Carter confirmed during the press conference that the search for the Mavericks’ new A.D. was national and the school had interest from multiple candidates. He’s excited to add Dowell to the fold.
“As good as things are right now, there’s so much more out in front of us,” Carter said. “I see the vision Dr. (Joanne) Li has put out in front of us, (Dowell) is going to continue with that vision, and that vision is going to be centered around the exact same thing we created here for our university system.”
What’s on deck
Dowell acknowledges that the first four months will be ‘crazy important’ and he looks forward to the transition period. Especially being a former athlete, he said he looks forward to helping and supporting student-athletes however he can through the transition and adversity that awaits.
Step one is putting together a detailed plan and then simply meeting people and investing himself in the UNO community. Dowell joked he’s ready to go on the “listening tour” around campus and Omaha with students, faculty, donors, season ticket holders and everyone in between. The rookie A.D. said although contract terms haven’t been publicly disclosed yet, he plans to spend significant time at UNO and has ‘married himself’ to the job.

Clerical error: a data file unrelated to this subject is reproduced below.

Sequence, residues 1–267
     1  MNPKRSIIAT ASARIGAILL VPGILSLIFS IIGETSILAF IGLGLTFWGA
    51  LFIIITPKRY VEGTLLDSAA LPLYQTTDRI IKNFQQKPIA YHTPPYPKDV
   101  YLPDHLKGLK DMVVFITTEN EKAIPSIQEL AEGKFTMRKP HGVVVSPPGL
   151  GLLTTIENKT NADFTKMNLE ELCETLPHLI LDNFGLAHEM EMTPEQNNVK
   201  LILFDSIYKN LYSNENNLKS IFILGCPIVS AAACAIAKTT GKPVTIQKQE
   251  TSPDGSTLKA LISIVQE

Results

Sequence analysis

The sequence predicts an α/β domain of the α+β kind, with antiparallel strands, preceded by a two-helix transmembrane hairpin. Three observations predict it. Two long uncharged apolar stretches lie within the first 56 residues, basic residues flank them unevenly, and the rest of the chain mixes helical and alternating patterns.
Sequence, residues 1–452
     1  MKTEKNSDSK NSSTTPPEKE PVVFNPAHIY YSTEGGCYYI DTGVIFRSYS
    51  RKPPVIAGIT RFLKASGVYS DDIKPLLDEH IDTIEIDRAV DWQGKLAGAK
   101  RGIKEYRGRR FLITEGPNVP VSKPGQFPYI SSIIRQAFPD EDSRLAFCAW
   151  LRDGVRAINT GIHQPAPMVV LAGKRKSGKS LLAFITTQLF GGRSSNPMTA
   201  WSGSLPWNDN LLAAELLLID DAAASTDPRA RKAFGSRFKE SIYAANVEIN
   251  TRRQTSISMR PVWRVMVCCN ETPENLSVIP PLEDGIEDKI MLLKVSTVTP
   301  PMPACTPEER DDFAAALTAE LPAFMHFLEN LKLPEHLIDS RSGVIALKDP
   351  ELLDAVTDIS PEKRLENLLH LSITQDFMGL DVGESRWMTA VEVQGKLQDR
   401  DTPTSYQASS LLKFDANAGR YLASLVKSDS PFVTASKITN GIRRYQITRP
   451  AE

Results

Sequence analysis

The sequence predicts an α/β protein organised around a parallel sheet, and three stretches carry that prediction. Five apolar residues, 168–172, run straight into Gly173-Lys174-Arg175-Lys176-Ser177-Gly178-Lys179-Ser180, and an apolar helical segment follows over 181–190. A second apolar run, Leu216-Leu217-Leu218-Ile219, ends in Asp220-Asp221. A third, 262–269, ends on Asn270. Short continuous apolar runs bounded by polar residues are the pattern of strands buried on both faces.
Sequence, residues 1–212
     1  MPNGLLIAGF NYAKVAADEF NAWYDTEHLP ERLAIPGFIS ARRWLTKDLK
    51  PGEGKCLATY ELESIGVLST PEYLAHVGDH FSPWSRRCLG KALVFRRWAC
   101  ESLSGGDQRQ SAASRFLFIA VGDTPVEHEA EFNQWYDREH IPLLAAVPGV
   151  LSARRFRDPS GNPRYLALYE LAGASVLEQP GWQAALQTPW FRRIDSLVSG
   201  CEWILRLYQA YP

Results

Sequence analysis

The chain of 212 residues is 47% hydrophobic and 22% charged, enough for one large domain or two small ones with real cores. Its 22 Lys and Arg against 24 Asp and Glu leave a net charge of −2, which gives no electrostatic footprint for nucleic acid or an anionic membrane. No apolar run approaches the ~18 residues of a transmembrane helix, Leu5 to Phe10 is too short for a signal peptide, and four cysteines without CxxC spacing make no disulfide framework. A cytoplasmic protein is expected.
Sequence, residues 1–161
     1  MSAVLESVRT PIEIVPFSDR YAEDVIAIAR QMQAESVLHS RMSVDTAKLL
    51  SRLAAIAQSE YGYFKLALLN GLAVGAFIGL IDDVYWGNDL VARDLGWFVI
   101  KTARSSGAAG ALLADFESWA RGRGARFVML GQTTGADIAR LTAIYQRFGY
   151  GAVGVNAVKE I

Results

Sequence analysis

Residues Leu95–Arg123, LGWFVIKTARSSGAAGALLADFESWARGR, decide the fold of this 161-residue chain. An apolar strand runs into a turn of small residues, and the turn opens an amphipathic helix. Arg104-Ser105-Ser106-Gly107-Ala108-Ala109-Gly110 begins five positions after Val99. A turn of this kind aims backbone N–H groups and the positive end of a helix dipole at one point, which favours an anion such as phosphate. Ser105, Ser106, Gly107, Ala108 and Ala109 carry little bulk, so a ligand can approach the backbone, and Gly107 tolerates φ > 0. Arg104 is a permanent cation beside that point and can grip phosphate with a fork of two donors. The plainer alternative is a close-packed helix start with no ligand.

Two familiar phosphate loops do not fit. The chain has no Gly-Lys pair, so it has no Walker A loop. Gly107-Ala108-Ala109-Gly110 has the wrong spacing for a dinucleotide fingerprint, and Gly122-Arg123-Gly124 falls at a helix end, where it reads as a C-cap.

As for the future of the department, a variety of topics were brought up on day one, but the biggest takeaway was an emphasis on being proactive — whether that means with facilities, potential conference realignment down the road or simply day-to-day operations of the department.
“If you’re not moving forward, you’re moving backwards,” Dowell said.
Not only are there ties to Omaha, as it’s the city he currently works in and has called home the previous seven years, but his wife, Stephanie, is actually a UNO grad and a member of the UNO Athletic Hall of Fame (2010). The two met during the 2009 Final Four in Detroit.
From Dowell’s standpoint, there’s already a UNO angle coming into the job. That’s on top of simply competing against UNO while at Creighton. He said those Creighton ties will be immensely important, however, especially when it comes to getting supporters behind the idea of not only supporting school at UNO, but the city of Omaha.
“Ultimately, if we are able to reach that level of success that I know we all hope for, it’s going to be because of this city and our ability to partner with it,” Dowell said.
When Trev Alberts took the Nebraska job in July, Mike Kemp was named UNO’s Interim A.D. and he’s ‘held down the fort’ since. With Dowell now set to take over on Dec. 1, one of the biggest questions is what Kemp’s involvement will look like moving forward.